Great post!

    Did you record the sessions? Might be interesting to sell the videos online.

    Posted 08 May 2012 at 12:09
  2. Jurie wrote:

    We recorded the sessions, and in fact posted the first recording on the Stagconf site yesterday. However, we decided not to charge money for it. One of the reasons was that we received sponsorship money specifically for the videos.

    Posted 08 May 2012 at 13:34
  3. Han wrote:

    I loved Stag, and Vienna, and generally had a wonderful time and learnt a lot of rich and interesting things from the speakers. :)

    In terms of sponsorship, I think you’d always want to approach a corporate sponsorship team, and then make the pitch about the potential benefits to their recruitment. In my experience, other departments just don’t have those kinds of budgets but the sponsorship team may still see the benefits and pursue it with you.

    I’m interested to see the post about marketing, PR and advertising, and I think I could come up with some ideas to help with that, should you do it again. :)

    Posted 08 May 2012 at 14:54
  4. Jurie wrote:

    Han: Thanks! We did approach some big companies, but we had very little experience in this area so I’m sure it could have gone smoother. For instance, I had no idea there was such a thing as corporate sponsorship teams *blush*.

    And thank you for your offer re marketing etc., that motivates me to write the next blog post.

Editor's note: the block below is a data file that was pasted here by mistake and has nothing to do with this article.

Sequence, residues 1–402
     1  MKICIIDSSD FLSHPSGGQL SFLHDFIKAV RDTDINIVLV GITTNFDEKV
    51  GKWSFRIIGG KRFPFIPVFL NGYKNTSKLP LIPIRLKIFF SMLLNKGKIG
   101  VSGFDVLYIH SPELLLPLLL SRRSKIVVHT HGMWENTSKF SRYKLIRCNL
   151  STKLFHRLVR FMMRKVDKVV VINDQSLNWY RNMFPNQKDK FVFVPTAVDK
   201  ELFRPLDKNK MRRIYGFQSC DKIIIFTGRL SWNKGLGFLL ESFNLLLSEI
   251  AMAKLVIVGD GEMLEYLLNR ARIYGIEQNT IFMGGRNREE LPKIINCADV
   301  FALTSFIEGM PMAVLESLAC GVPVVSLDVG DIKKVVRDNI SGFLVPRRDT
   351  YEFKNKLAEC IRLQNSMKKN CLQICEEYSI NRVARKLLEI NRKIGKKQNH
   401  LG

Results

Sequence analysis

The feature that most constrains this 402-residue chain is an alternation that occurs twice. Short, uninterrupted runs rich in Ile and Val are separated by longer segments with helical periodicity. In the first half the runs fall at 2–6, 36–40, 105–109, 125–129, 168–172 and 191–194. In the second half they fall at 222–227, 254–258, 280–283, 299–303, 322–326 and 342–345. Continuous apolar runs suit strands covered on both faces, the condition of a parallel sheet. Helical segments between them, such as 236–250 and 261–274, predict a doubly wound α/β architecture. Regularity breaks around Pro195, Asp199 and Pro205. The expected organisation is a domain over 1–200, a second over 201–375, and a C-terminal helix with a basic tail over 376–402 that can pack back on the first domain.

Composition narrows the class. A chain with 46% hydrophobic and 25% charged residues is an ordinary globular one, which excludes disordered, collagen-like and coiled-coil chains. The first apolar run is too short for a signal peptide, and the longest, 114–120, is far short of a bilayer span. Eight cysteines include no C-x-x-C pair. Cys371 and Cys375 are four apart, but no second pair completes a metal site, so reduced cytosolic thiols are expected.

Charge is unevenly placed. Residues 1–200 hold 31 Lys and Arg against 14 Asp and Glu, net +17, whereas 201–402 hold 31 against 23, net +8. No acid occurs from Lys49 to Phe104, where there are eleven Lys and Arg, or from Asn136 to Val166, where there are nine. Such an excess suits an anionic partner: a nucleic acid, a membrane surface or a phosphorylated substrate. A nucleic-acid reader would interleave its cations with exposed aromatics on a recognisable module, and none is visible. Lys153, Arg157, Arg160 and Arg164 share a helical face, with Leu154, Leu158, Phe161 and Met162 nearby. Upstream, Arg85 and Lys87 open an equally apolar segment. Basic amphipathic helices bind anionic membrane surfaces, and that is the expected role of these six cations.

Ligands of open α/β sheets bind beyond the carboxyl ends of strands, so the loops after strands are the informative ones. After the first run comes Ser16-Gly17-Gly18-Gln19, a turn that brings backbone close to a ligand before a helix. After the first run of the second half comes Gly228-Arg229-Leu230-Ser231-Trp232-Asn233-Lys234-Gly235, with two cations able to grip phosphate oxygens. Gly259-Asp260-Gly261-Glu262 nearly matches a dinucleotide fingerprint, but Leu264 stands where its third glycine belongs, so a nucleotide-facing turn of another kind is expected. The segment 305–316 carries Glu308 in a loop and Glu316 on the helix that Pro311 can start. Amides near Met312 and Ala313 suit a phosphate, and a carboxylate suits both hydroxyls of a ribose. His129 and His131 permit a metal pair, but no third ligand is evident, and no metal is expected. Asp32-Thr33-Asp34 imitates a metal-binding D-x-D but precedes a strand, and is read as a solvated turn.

Posted 08 May 2012 at 16:06
  5. Darius K. wrote:

    As someone who runs a lot of small game dev conferences, this was a really interesting post for me to read. I’ll just give point-for-point reactions to what I see here.

    Overall budget

    First year for a small conference, I would expect anyone to be in the (0 +/- $2,000) range net profit. The first year we ran it, I think we made a $100 profit on GameLoop. €2.2k is a little much, it sucks that you had to eat that cost!

    Speakers

    If you’re having an event in Europe and many of the speakers you want come from the USA, then yeah, you’re absolutely going to have to pay to fly speakers out. I live in Boston, and every EU conference I’ve spoken at has paid for me to fly out — I simply cannot afford to pay for my own travel and lodging, as it makes no sense otherwise to fly to Europe for 3 days.

    In terms of pampering speakers, €750 seems like the right amount to spend on speakers plus core staff. In fact, all the pricing for speaker stuff seems right. However, that’s given the constraint of “50% North American speakers at a European conference.” Next time I’d either try and find way more EU speakers, or perhaps host the event in the US (which, uh, I’d be happy to help and am actually completely set up to do, so…).